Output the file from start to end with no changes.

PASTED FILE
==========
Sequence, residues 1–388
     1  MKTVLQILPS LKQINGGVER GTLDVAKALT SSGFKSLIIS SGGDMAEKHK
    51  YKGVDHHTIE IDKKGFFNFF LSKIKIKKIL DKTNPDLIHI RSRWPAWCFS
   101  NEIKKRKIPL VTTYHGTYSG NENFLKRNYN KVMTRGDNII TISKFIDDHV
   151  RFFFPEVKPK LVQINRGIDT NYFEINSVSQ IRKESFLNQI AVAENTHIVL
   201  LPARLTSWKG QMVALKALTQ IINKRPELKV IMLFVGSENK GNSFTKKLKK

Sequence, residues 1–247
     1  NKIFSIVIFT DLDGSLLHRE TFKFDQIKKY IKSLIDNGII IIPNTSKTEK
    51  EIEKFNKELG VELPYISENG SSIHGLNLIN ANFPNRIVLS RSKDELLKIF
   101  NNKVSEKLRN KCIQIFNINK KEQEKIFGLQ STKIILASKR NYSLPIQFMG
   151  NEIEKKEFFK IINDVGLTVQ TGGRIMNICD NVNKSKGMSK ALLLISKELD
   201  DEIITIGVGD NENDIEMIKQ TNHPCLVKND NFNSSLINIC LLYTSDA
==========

Sequence, residues 1–388
     1  MKTVLQILPS LKQINGGVER GTLDVAKALT SSGFKSLIIS SGGDMAEKHK
    51  YKGVDHHTIE IDKKGFFNFF LSKIKIKKIL DKTNPDLIHI RSRWPAWCFS
   101  NEIKKRKIPL VTTYHGTYSG NENFLKRNYN KVMTRGDNII TISKFIDDHV
   151  RFFFPEVKPK LVQINRGIDT NYFEINSVSQ IRKESFLNQI AVAENTHIVL
   201  LPARLTSWKG QMVALKALTQ IINKRPELKV IMLFVGSENK GNSFTKKLKK

Sequence, residues 1–247
     1  NKIFSIVIFT DLDGSLLHRE TFKFDQIKKY IKSLIDNGII IIPNTSKTEK
    51  EIEKFNKELG VELPYISENG SSIHGLNLIN ANFPNRIVLS RSKDELLKIF
   101  NNKVSEKLRN KCIQIFNINK KEQEKIFGLQ STKIILASKR NYSLPIQFMG
   151  NEIEKKEFFK IINDVGLTVQ TGGRIMNICD NVNKSKGMSK ALLLISKELD
   201  DEIITIGVGD NENDIEMIKQ TNHPCLVKND NFNSSLINIC LLYTSDA